The 2019 EU Trade Policy Review was recently published by the World Trade Organisation (WTO). The trade policy review process takes place every two years for major economies and is an important transparency tool. The country under review produces a policy report summarising major trade policy developments since the last review. A second report is written independently by the WTO Secretariat. These reports are then discussed by the full membership in the WTO’s Trade Policy Review Body. Indeed, the EU received more than 1,600 written questions from other WTO members on these reports to which it has provided written answers (unfortunately, the latter files are restricted and not publicly available on the WTO website).
An agenda item on the AGRI Committee’s last meeting in this Parliamentary term yesterday dealt with a presentation by DG AGRI’s Director for International Affairs John Clarke on the agricultural component of ongoing trade negotiations and other relevant issues of trade policy (starts at 16:23 on the meeting video). Amid a chorus of complaints from AGRI MEPs about poultry imports from Ukraine, tomato imports from Morocco and potential Brazilian tariffs on EU exports of garlic, Mr Clarke gave a robust and trenchant defence of the Commission’s role in managing international agricultural trade relations.
Among the items he covered was the EU response to the US imposition of countervailing and anti-dumping duties in 2018 on the import of Spanish ripe olives, confirming earlier preliminary determinations to impose provisional duties.
The EU submitted its latest domestic support notification to the WTO for the 2015/16 marketing year on 23 August last. This notification is interesting because it covers the first full year of operation of the new CAP in 2015, as the new direct payments architecture was first implemented in that year. This post examines the trends in domestic support in this and recent notifications, and speculates on how the figures might be affected by the Commission’s legislative proposals for the CAP announced on 1 June last.
Trend in overall domestic support
The broad trends in domestic support provided to EU agriculture according to the WTO classification is shown in the Figure below.
We are pleased to welcome this guest post by Lars Brink, who is an independent advisor working from Canada.
This post examines the concepts and calculations of the two different agricultural policy indicators called Market Price Support (MPS): the one is used by the Organization for Economic Cooperation and Development (OECD) in its measurement of producer support in its Producer Support Estimate (PSE) indicator, and the other is identified in the Agreement on Agriculture (AA) of the World Trade Organization (WTO) as part of the measurement of the Aggregate Measurement of Support (AMS) indicator.
Once the United Kingdom (UK) has withdrawn from the European Union, the UK by itself will be the entity for which support to agriculture is measured under the practices or rules of international organizations such as the OECD and the WTO.
The idea that the definition of CAP instruments has been (and still is) heavily constrained by World Trade Organisation rules is widespread. In debates on the post 2020 CAP, the issue of compatibility with WTO disciplines is raised each time coupled payments, countercyclical payments, support to production in less favoured areas, risk management or income stabilization schemes are discussed. An issue of particular interest (which this post focuses on) is environmental payments.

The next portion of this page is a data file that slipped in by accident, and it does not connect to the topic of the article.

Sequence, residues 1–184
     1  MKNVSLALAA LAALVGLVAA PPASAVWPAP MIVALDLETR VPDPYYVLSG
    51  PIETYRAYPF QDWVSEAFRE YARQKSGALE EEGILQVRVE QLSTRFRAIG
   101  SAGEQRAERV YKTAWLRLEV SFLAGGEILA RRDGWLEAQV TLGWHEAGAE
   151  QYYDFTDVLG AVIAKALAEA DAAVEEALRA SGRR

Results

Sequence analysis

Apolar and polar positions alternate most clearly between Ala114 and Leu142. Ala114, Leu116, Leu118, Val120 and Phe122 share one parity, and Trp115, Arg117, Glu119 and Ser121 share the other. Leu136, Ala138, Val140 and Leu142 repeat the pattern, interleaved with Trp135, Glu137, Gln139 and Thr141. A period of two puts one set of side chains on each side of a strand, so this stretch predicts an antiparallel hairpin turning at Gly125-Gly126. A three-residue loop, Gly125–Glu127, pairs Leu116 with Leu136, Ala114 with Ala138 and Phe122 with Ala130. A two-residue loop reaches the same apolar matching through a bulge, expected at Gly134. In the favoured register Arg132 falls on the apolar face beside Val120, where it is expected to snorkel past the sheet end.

In a new study for the AGRI Committee of the European Parliament, Professor Alan Swinbank of the University of Reading turns this traditional focus on the impact of the CAP on world markets on its head. His study The Interactions between the EU’s External Action and the Common Agricultural Policy instead looks at how the external dimension of the EU – including trade policies pursued through the WTO and other international obligations and its development co-operation activities with neighbouring states and developing countries – have influenced the evolution of the CAP.
Domestic support and Bound Total AMS (Aggregate Measurement of Support) may not be high priority items, compared to market access, in terms of analysing trade distortions. Still, anything that touches on farm support and limits on such support attracts attention. This may apply also in a case of Brexit negotiations. This note is about the WTO domestic support commitment of the United Kingdom in case of a Brexit.
Following a first round of discussions on UK demands for a renegotiation of the terms of its membership of the EU at the European Council meeting last month, it now seems that the February meeting of the Council will agree on some package of measures and promises in response to UK Prime Minister David Cameron’s demands. It will then be up to Cameron to decide if this package is sufficient for him to campaign to stay in the EU in the referendum promised to take place before the end of 2017 and possibly later this year.
Even if Cameron decides to campaign in favour of staying in, there is no guarantee that the UK voters will follow him.
Export subsidies allowed EU exporters to grab market share in import markets from competing exporters, put downward pressure on the level of world market prices, and competed unfairly with local producers in many developing countries.